Watch our latest Kaizo Live, where we explored PR in China, from how it works, mainstream and emerging channels, challenges and how international brands can succeed there. Kaizo Managing Director Rhodri Harries led the panel; inviting insights from our Worldcom partner agency in China, Topline Consulting. Yan Han, Global Business Chairperson, and Olivia Shao, Shanghai General Office Manager, provided valuable perspectives. See the key discussion points below and watch for more insights:
Topline Consulting was founded in 2010, and is a full-service PR firm with clients including some of the top 100 businesses in China. With nearly 300 professionals, Topline has been one of China’s fastest-growing PR and marketing agencies, with offices in Beijing, Shanghai, India and Singapore. For the past five consecutive years, the firm has been ranked among the annual list of China TOP 30 PR agencies selected by the China International Public Relations Association (CIPRA). Client experience includes; Huawei/Honor, OPPO, Tencent, Alibaba, Meituan, China Ping An Financial Group, DBS Bank, and BMW in diverse industries such as smart device, technology/AI, Internet, financial and new energy automotive.
How does PR differ in China, compared to other markets? The panelists explain that the major difference is the totality of digitalisation. There is a different foundation on how to do PR in China, compared to other markets. From a channel perspective, different players have their own specific characteristics and digital advantages that attract target user groups onto their large platforms. The channels operate to reach specific target groups across all sectors, from e-commerce, games, music to electronics. The emergence of these channels has changed PR in China, and formatting content on these different platforms is key in reaching these users.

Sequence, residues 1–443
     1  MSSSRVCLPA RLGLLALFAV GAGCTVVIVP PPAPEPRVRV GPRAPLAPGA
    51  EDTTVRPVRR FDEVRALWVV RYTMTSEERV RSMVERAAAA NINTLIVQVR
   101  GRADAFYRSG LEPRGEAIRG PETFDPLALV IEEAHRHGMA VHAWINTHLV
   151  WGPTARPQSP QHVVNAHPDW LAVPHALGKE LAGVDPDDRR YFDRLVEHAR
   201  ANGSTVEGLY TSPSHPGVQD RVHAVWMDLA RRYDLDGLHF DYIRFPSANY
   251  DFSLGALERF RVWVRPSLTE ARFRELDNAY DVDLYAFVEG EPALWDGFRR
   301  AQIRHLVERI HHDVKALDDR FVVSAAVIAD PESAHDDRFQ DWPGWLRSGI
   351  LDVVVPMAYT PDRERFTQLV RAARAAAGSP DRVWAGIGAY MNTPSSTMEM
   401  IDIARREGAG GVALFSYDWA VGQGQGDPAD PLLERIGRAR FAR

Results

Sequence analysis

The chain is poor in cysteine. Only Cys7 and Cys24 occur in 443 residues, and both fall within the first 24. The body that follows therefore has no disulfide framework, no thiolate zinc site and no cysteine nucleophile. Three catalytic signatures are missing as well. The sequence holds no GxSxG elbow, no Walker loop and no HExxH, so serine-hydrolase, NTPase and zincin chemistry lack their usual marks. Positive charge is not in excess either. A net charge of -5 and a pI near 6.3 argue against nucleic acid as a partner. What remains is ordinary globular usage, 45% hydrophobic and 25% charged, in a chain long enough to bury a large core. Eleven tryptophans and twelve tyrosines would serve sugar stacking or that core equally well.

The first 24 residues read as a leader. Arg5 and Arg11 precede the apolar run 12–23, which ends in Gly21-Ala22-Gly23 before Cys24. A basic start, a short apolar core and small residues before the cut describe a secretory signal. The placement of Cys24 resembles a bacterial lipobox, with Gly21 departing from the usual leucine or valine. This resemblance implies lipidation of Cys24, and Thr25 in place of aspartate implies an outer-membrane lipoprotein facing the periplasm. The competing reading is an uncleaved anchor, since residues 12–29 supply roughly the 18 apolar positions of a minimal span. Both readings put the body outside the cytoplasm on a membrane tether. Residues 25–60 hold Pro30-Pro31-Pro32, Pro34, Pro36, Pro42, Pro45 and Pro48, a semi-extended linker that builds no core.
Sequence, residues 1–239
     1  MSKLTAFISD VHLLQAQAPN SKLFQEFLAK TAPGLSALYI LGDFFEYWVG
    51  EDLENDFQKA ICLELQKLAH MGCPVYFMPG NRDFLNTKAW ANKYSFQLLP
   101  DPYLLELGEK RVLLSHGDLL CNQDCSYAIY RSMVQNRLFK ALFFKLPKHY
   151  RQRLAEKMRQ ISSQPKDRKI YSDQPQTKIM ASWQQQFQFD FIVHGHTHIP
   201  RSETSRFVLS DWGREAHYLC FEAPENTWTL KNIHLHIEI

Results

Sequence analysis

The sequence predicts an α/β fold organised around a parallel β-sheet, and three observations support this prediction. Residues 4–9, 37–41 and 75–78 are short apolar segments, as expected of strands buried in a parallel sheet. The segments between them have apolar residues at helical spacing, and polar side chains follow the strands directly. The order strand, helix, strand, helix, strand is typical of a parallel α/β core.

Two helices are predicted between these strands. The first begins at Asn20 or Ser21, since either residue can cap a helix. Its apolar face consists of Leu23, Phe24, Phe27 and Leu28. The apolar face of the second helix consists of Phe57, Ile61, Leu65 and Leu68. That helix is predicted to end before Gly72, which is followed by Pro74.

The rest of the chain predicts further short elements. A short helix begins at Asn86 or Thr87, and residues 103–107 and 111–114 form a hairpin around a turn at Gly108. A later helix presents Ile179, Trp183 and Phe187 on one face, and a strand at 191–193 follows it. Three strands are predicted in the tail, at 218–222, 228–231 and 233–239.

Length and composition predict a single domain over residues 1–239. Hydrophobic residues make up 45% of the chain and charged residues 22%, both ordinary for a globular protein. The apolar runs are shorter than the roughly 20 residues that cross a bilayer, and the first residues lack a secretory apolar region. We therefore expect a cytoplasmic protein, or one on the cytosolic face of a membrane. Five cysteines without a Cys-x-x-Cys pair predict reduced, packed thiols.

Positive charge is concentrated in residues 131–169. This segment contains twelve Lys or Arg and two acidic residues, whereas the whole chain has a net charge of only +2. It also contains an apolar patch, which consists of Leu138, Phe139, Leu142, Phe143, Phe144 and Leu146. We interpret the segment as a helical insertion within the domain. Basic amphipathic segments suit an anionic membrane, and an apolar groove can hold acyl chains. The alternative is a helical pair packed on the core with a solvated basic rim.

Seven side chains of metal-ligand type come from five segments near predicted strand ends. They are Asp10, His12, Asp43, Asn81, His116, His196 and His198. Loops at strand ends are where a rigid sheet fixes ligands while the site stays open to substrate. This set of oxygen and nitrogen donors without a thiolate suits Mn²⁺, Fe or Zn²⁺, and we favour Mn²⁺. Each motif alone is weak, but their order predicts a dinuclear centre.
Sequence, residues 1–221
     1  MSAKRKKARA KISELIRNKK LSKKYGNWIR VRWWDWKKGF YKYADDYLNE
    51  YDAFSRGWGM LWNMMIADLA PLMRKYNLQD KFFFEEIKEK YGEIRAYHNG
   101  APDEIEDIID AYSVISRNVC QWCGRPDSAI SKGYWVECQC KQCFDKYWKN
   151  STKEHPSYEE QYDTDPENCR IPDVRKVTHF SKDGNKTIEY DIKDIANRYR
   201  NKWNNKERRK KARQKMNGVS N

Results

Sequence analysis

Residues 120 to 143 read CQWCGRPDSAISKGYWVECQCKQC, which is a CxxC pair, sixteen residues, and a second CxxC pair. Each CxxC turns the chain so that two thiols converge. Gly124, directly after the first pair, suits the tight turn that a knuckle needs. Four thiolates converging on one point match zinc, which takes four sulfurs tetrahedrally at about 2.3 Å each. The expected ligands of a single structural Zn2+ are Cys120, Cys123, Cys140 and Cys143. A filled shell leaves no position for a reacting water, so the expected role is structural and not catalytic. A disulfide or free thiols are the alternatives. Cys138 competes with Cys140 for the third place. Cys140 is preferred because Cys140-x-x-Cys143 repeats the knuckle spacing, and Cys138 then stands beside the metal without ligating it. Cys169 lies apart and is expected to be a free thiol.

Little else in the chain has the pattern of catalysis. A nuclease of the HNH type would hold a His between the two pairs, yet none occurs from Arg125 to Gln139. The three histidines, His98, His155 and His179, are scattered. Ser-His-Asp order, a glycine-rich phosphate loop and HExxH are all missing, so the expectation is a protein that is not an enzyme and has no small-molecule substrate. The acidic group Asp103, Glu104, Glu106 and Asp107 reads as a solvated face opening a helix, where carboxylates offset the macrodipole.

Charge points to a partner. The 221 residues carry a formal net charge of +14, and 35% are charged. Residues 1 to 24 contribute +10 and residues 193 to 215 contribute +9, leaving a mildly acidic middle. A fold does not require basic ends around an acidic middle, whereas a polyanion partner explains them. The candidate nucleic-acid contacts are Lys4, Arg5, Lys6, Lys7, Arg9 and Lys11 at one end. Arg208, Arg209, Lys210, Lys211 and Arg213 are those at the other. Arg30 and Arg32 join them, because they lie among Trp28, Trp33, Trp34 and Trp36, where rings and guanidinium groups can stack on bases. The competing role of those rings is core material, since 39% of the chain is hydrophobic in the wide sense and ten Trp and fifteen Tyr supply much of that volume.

How does PR operate in China? In the market, the goal of government in media should be considered. Activity must be highly relevant to the local social environment, national policies and resonate with society’s views. The panelists gave an example of one of their overseas clients, Mondelez International, where Topline paid close attention to public opinion and domestic policy development. This allowed for the brand to integrate into the market and increase its profile in the country. Influencers also play a critical role in consumer’s decision-making; thus, brands need to prioritise how popular Chinese key opinion leaders can benefit their business.
What should international brands consider? The panelists agree that it is vital to strengthen social connections by telling new stories of products, brand values and corporate responsibilities that resonate with Chinese consumers. International brands need to enhance their emotional connection in non-business areas and shape their product’s cultural ideology and values to meet the target user’s needs and expectations. This re-telling of the brand narrative, in conjunction with relevant channel formats, will allow the target groups and wider public to trust and respect the company.
Preparation is key in order to identify target groups and consideration of national policy will help the brand integrate into the market. Businesses should be aware of the potential cultural hegemony is cross-cultural communication and the importance of the traditional cultures of target markets.
Advice for overseas brands who want to do PR in China. Localisation is paramount for brands developing their business in China, due to the stark differences in culture, values and consumer behaviour. Communication approaches need to be adapted to the digitalised culture of the Chinese market so it will appeal to the public and wider domestic context.
Watch the full episode here, hosted by Kaizo Managing Director Rhodri Harries. Browse our previous episodes here.